They say in sports, as in life, timing is everything.
Well, the timing isn’t great for indoor high school and college sports to be getting underway. COVID cases are rising in New Hampshire and elsewhere around the nation and the globe. The proximity to others who may be infected, but not yet showing symptoms, poses a risk, as does the travel involved in competitive sports.
This fall, schools and colleges have been cautious about participating in sports. Seasons have been shorter, with less travel.
For area high schools, there was more interdivisional play, based on proximity. And even teams that fared well, in some cases, weren’t able to compete in state tournaments because the travel and heightened vulnerability did not fit with the schools’ coronavirus protocols. That’s disappointing for the players, especially seniors who missed out on a last chance at tournament play — as did seniors last spring.
And that’s one of the real disappointments of this pandemic, outside of the health implications: Many people have lost once-in-a-lifetime opportunities to the pandemic and the measures necessary to combat it. Lost seasons, weddings, final farewells, graduations — all of it a tragedy in itself.
For colleges, the fall was a dud, sports-wise. Both Keene State College and Franklin Pierce University were relegated to exhibition and club sports, as the Little East and Northeast 10 conferences canceled league play. So far, the conferences have not scheduled winter competitions.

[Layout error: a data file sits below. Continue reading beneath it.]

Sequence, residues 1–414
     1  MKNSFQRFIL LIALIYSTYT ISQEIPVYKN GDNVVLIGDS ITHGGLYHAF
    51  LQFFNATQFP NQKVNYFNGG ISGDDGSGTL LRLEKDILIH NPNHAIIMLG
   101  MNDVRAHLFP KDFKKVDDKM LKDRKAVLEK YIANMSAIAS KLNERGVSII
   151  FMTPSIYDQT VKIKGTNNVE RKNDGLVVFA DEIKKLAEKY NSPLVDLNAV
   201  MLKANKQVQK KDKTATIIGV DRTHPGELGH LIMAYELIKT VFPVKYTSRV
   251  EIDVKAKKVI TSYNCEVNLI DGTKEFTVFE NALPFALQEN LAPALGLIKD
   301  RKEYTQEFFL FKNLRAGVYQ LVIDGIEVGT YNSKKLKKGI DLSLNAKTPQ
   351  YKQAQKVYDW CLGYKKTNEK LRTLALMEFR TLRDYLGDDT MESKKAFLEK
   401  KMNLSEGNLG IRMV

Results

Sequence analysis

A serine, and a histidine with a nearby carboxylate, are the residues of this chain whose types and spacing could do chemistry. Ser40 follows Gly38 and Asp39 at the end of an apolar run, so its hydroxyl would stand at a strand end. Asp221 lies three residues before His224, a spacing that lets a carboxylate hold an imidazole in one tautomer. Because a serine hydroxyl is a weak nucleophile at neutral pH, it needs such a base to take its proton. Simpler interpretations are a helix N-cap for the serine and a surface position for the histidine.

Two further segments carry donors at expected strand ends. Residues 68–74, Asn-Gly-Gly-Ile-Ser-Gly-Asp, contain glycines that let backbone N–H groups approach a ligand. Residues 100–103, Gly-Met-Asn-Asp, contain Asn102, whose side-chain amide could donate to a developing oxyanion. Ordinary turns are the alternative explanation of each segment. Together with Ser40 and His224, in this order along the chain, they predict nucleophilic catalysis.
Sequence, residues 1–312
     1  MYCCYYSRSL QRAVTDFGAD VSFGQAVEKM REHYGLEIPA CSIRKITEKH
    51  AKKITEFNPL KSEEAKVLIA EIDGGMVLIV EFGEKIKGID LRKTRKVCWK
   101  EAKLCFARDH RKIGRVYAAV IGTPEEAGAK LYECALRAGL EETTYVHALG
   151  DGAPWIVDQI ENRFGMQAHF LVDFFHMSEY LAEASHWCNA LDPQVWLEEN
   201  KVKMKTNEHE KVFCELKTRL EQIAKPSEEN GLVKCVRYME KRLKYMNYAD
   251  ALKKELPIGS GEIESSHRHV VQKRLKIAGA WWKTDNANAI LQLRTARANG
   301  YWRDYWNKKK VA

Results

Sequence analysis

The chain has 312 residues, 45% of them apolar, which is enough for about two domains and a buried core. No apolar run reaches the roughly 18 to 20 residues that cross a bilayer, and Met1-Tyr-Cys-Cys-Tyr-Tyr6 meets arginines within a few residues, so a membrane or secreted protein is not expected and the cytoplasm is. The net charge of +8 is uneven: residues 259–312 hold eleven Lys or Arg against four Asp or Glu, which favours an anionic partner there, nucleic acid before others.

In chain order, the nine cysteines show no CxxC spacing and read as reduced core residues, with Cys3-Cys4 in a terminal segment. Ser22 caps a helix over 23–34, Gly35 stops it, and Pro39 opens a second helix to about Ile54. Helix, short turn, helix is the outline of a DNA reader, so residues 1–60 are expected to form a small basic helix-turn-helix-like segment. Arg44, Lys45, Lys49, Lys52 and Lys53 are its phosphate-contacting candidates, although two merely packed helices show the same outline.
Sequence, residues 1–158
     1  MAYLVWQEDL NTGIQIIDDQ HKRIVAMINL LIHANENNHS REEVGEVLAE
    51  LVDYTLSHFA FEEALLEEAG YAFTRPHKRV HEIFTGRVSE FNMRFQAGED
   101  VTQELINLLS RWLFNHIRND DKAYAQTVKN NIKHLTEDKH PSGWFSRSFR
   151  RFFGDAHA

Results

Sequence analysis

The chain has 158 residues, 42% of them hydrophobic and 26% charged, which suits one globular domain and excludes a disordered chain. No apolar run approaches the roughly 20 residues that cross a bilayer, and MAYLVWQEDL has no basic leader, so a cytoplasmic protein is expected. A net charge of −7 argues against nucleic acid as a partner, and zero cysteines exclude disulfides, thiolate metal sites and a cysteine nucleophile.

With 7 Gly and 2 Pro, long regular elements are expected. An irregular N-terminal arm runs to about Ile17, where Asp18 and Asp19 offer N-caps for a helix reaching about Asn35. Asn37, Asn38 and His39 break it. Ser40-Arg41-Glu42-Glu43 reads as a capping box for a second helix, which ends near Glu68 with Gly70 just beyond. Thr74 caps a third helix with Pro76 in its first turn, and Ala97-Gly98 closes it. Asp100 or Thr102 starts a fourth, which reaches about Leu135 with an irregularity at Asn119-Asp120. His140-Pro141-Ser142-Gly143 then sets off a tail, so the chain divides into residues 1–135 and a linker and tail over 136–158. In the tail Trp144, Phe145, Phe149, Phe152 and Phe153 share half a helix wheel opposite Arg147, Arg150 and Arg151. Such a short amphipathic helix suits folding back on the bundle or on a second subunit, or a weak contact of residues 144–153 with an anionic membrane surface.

Keene State College’s men’s basketball is underway, however. At least, in non-conference exhibition play. The Owls agreed to play UNH Wednesday. The Owls sent a team of only 10 players to Durham to compete against the Division I Wildcats. Those traveling to UNH had to have passed a COVID test three times before the game. They were also tested after the contest, according to Keene State’s athletics department.
The college has fared pretty well this semester in terms of the coronavirus, relying heavily on frequent testing. As of Wednesday, 46 cases had been reported from nearly 39,000 tests administered. Everyone at the college is tested weekly.
In addition, NCAA protocols call for testing of anyone attending or participating in athletics within three days of the event, and the college says no one will be allowed to attend contests who hasn’t met that requirement.
Still, we find it somewhat surprising — even given the appeal of returning to some sliver of normalcy and the desire of athletes to compete — that the college would undertake intercollegiate contests at all right now, when numbers are spiking in the state and travel advisories and mask mandates are in effect all over.
Everyone would like to see the games go on. But we hope those in charge will continue to exercise an abundance of caution first and foremost.